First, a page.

> -----Original Message-----
> From: [] On Behalf Of Robin 
> Whittle
> Sent: Monday, February 08, 2010 7:34 PM
> To: RRG
> Subject: Re: [rrg] IRON: SEAL summary V2
> Based on discussions with Fred (my recent messages), here is my
> revised attempt at describing SEAL, at least as far as it is used in
> the IRON-RANGER Core Edge Separation scalable routing proposal.
> Please see the initial attempt:
> for references to the source documents and older messages and for the
> comparisons with Ivip's IPTM and LISP, which Fred and I discussed in
> (msg05979) and (msg05981).
>  - Robin
> ITEs and ETEs
> -------------
> An Ingress Tunnel Endpoint (ITE) is part of the VET interface in an
> IRON router.  It uses SEAL to encapsulate and tunnel packets to a
> distant IRON router, with SEAL's approach to PMTUD which enables the
> IRON router which is the ITE to send Packet To Big (PTB) messages to
> the Sending Host (SH).   The ETE (Egress Tunnel Endpoint) is
> implemented in the VET interface section of the distant IRON router.
> When SEAL and RANGER are updated as Fred plans, the ETE router will
> be able to send a SEAL message to the ITE router telling it to
> redirect packets to a given prefix, to another IRON router.  This
> will involve a caching time and the SEAL_ID from the SEAL header of
> the tunnel packet which gave rise to the redirection.  This is an
> important part of IRON - which I will attempt to describe in a
> separate message.
> SEAL for IPv4 and IPv6
> ----------------------
> SEAL is capable of "segmenting" (fragmenting, but within the SEAL
> protocol, rather than by using IPv4 or IPv4 fragmentation mechanisms)
> packets which are known to be too long for the PMTU to a given ETE.
> However, this is not intended to be used with IRON.
> SEAL is intended to tunnel packets to an ETE, without any need to
> establish tunneling arrangements, without expecting acknowledgements
> of successful receipt by the ETE and without resending any packets.
> The tunnel is a one-way (ITE to ETE), ad-hoc, arrangement - but the
> ITE stores some state for each particular ETE it is tunneling to.
> SEAL ITEs do not cache any part of the packets they send.  So in
> order to generate a PTB to the sending host (which may itself be
> another router, if this SEAL tunnel is already within an outer tunnel
> - which I think is not the case with IRON) the ITE relies on
> receiving enough of the packet from (IPv6-only) a PTB from a limiting
> router on the path to the ETE, or (IPv4-only) a "Fragmentation
> Experienced" message from the ETE itself.
> I assume that for IRON, there will be no need for "mid-level headers"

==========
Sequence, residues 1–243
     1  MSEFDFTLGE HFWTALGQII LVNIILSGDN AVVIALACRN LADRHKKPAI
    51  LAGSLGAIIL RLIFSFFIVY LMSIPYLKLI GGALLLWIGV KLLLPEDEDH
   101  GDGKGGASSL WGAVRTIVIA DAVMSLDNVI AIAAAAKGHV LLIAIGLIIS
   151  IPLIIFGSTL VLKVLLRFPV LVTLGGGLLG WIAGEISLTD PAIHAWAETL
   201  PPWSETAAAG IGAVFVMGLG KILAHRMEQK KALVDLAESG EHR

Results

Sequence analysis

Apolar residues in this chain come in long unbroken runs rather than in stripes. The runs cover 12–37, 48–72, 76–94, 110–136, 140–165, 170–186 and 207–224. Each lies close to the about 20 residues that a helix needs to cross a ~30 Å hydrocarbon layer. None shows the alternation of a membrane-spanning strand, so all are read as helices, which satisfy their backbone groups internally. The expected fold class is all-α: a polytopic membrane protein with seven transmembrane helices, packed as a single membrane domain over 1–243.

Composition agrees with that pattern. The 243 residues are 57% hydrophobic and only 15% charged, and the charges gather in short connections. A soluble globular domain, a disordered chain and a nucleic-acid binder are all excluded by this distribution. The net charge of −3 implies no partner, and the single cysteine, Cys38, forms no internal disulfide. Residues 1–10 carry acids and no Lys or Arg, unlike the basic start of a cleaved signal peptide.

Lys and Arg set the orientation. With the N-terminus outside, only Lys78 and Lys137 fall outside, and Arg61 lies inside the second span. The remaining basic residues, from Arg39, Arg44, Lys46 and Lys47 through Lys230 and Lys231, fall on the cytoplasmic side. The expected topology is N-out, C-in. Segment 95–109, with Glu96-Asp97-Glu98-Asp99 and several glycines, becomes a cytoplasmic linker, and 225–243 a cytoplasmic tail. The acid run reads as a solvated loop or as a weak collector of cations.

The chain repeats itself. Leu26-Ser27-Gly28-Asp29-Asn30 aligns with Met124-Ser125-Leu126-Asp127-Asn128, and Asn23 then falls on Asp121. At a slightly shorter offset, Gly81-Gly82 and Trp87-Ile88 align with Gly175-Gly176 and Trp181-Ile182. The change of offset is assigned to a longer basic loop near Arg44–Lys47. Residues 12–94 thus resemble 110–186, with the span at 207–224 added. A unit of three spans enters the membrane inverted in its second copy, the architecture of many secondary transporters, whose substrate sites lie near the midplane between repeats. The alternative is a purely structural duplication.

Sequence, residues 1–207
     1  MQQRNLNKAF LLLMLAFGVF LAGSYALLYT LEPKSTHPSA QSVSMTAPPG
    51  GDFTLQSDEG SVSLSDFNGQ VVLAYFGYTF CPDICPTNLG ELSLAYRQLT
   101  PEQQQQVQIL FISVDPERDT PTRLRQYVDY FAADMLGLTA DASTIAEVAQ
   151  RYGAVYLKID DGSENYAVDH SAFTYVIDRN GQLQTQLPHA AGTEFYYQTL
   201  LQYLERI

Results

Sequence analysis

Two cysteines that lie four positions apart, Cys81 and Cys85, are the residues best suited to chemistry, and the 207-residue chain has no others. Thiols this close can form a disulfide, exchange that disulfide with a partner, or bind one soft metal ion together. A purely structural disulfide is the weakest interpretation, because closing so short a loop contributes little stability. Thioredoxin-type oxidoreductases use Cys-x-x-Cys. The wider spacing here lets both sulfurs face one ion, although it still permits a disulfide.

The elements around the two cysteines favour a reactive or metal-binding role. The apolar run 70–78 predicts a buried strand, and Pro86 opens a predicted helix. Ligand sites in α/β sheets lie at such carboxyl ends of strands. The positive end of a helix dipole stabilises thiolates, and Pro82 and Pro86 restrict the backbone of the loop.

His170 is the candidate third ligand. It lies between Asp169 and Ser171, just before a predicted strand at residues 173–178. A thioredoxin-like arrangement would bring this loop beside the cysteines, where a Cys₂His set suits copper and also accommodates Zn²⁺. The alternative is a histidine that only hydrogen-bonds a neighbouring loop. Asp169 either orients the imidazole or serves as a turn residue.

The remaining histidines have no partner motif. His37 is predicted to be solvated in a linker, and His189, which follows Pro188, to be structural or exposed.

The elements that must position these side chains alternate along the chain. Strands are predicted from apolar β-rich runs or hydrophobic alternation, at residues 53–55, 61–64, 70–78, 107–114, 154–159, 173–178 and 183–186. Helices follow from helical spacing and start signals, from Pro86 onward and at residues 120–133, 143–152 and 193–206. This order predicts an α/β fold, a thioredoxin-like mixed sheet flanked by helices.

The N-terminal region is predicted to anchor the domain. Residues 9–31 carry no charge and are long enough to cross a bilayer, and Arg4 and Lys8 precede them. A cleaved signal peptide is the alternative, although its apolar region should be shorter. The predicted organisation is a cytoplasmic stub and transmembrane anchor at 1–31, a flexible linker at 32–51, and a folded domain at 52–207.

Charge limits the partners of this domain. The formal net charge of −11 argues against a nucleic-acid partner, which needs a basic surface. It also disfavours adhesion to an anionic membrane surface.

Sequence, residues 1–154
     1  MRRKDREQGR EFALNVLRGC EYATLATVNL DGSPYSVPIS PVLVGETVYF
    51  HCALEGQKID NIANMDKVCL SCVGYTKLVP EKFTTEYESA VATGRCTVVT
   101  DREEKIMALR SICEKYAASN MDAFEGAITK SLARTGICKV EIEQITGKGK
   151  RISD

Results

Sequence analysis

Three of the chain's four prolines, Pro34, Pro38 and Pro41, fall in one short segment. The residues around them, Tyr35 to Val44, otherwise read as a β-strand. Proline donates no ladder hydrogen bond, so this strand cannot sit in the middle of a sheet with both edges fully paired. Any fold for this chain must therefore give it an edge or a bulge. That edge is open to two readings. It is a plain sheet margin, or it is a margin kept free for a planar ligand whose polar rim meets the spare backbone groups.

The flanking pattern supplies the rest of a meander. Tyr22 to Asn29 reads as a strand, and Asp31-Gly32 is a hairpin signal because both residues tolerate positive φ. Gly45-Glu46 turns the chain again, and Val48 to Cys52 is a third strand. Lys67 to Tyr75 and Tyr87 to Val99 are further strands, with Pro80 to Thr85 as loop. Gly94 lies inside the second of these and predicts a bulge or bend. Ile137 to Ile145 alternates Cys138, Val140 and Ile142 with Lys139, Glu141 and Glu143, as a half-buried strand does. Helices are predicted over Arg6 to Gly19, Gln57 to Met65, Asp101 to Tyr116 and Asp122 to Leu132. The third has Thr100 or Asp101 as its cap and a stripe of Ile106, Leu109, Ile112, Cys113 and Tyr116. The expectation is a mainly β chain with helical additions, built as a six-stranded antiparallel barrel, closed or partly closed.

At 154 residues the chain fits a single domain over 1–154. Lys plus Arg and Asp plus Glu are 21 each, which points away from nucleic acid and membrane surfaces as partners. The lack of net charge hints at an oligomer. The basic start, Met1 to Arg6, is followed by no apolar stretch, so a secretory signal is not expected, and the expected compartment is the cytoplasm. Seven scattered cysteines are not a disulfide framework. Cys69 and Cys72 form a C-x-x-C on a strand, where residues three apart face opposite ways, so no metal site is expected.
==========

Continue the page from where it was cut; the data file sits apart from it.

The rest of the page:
> such as UDP between the outer header and the SEAL header - but see
> msg05927 and msg05976 and search for "ECMP".  (msg05980 and msg05981
> indicate there is some confusion about UDP headers and where they
> would go.)
> There is some pretty confusing text about the Tunnel Interface MTU -
> 4.3.1.  One part discusses setting this to 1500 bytes or more.  Later
> in that paragraph there is discussion of setting it to smaller values
> than this. The next paragraph discusses setting it to an infinite
> value.  I hope Fred will provide some guidance on how this would be
> done for IRON.
> Each ITE maintains some state for each ETE it tunnels packets to (by
> each ETE IP address).  I guess there would be a process for deleting
> this after a while if no packets are sent to that ETE, since over
> time, the state could grow to a considerable size, depending on how
> many ETEs there are in the world.
>     SEAL-ID most recently used.  A 32 bit value which is initialised
>     to some random value, and then incremented modulo 2^32 every time
>     a packet is tunneled to this particular ETE.
>     Further state as required to implement a window function or
>     some other arrangement by which this ITE can test a SEAL-ID
>     in an incoming message including at least these:
>        PTB from a router in the tunnel path (IPv6 only).
>        SEAL Packet Too Big message from ITE (Not needed in IRON?).
>        SEAL "Fragmentation Experienced" (IPv4 only).
>     Please see previous messages for Fred's approach to doing this
>     and my critique and timer-based suggestion.
> Other items of state are listed in 4.3.3:
>     MHLEN   Constant mid-level header length.  In this attempt to
>             describe SEAL, I will assume there is no need for these
>             "mid-level" (?) headers - between the outer IP header and